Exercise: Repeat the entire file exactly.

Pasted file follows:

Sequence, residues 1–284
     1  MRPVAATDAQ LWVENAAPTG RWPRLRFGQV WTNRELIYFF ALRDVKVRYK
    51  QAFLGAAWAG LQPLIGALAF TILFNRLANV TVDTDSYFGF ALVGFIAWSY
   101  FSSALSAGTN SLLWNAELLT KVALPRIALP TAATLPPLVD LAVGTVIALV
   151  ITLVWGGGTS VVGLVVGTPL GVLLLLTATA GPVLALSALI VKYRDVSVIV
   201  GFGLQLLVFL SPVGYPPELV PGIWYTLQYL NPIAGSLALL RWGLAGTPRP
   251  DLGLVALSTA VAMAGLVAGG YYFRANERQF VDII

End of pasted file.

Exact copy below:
Sequence, residues 1–284
     1  MRPVAATDAQ LWVENAAPTG RWPRLRFGQV WTNRELIYFF ALRDVKVRYK
    51  QAFLGAAWAG LQPLIGALAF TILFNRLANV TVDTDSYFGF ALVGFIAWSY
   101  FSSALSAGTN SLLWNAELLT KVALPRIALP TAATLPPLVD LAVGTVIALV
   151  ITLVWGGGTS VVGLVVGTPL GVLLLLTATA GPVLALSALI VKYRDVSVIV
   201  GFGLQLLVFL SPVGYPPELV PGIWYTLQYL NPIAGSLALL RWGLAGTPRP
   251  DLGLVALSTA VAMAGLVAGG YYFRANERQF VDII